As manufacturers grow and need more skilled labor, using millennials the right way can have a significant impact on employee growth and retention.

By Ivan Seselj

Millennials – those 54 million adult Americans between 18 and 34 who now make up a third of the U.S. workforce – hold incredible potential for the manufacturing industry. Unfortunately, they could just as easily become a tremendous detriment. How so?

Let’s start with the good news. Since the end of 2010, U.S. manufacturers have experienced their most significant growth in 30 years, generating nearly three-quarters of a million new jobs. Moreover, industry experts predict that number could surpass 3 million over the next 10 years.

When you consider who would be most likely to fill those jobs, the obvious answer is millennials. Millennials don’t simply represent warm bodies who can fill newly created positions. They also have the tech know-how to understand and readily adapt to the new trends that are changing the face of manufacturing, from the application of 3-D printing and nanotechnology to big data and predictive maintenance.


Preventing Financial Failure in a Recovering Economy

By Bryan C. Porter

Due to current economic trends, most manufacturing executives are cautiously optimistic about their financial viability during the remaining months of 2016. With that said, the manufacturing industry as a whole is still experiencing meaningful, positive growth, despite dwindling confidence in the pace of economic recovery over the past year. Executives need to balance operational optimism and market confidence with a business model that safeguards the company against financial failure.

The recent economic recession required executives to reduce both costs and margins, which resulted in lean businesses operating in a competitive global market. Business executives are now challenged with adequately equipping their business with the right tools to profitably grow in a slowly recovering marketplace. Key considerations for any business executive to meet these challenges should include proper strategic planning, training and motivating the right people in the right positions, and accurately forecasting cash flows of the business unit.



Utah recognizes many of its companies that demonstrate cutting-edge innovation. 

Eight innovations were announced as winners in the 15th annual Utah Innovation Awards, presented by Stoel Rives LLP and the Utah Technology Council. This statewide program recognizes product, operational and technological innovations, as well as the Utah companies that created them.

The 2017 Utah Innovation Award winners are as follows: 

  • Computationally Intelligent Discovery Engine by Recursion Pharmaceuticals - Recursion Pharmaceuticals has combined the best elements of automated biology and artificial intelligence to create a computationally intelligent drug discovery platform that is capable of finding new drugs and new ways to use old drugs, while simultaneously working on many diseases in parallel.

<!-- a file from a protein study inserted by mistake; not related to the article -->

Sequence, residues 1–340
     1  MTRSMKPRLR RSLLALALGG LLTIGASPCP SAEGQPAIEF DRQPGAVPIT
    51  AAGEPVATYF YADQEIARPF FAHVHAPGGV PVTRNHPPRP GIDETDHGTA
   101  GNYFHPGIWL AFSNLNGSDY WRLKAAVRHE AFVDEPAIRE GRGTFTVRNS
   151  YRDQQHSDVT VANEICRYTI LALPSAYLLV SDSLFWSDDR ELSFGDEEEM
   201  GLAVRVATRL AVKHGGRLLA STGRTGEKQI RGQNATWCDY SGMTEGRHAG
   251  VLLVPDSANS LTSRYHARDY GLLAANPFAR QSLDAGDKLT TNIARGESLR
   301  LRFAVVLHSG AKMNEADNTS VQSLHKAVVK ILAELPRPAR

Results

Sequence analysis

• KiBand by Kilife Tech Inc. - Kiband currently holds two patents pending and one provisional application for mobile proximity, mesh networking and child safety. Kiband begins with BLE, then adds accelerometer data, machine learning and multi-path fading technology to improve the resolution of radio proximity measurements by 12 times. This allows parents of small children to adjust mobile boundaries that alert both parent and child within about 4 feet of accuracy. 
  • Lucidchart by Lucid Software Inc. - Lucidchart is the web's leading diagramming and flowchart application. This intuitive, cloud-based solution is redefining the way people drive innovation through visual thinking and real-time collaboration. Lucidchart is utilized in more than 175 countries by more than 10 million users. 
  • ProSlab 155 Automated Turf Harvester by FireFly Automatix Inc. - The ProSlab 155 automated turf harvester leverages sophisticated controls to enable a hybrid of electric and hydraulic systems. It robotically cuts and stacks turfgrass with improved quality and less fuel. With GPS guidance and connectivity, it is on the cutting edge of agriculture. 
  • SNO-GO by SNO-GO - SNO-GO merges skiing with downhill mountain biking. The familiar motions of mountain-bike riding are paired with snow skis designed for all types of snow conditions, creating an experience for riders of any skill level.
  • Taxzilla - Taxzilla starts by gathering some basic information about clients and how they earn their living.  From there, Taxzilla matches them with local CPAs who specialize in their line of work.  Once matched, the CPA and Tax Team help clients create goals and plans to make sure they can keep as much money as possible in their pockets. Taxzilla provides tools like receipt keeping, coaching and training to help clients track goals week by week. 
  • Vutiliti Pulse by Vutiliti - Vutiliti gathers and provides real-time information on utility usage (electric, gas, water, renewables) so that consumers, businesses and governments can monitor and budget utility usage. Vutiliti’s mobile and web programs guide consumers to actual consumption reduction, saving them money while reducing usage of water, gas and electricity generation. 
  • Xenocoscope by Xenocor - Each year, more than 7 million patients throughout the world undergo laparoscopic procedures, more than 2 million women undergo diagnostic hysteroscopies and more than a million patients undergo video-assisted thoracoscopic procedures in the United States alone. The benefits of such direct visualization laparoscopic techniques are well documented and include convenience, accuracy and patient acceptability. 

A committee of approximately 80 professionals from private industry, government and higher education evaluated and voted on program finalists and winners. The more than 100+ nominations were put through a rigorous evaluation process during which committee members evaluated each innovation against a wide range of criteria addressing elements such as novelty, market need, market disruption and potential/current economic impact.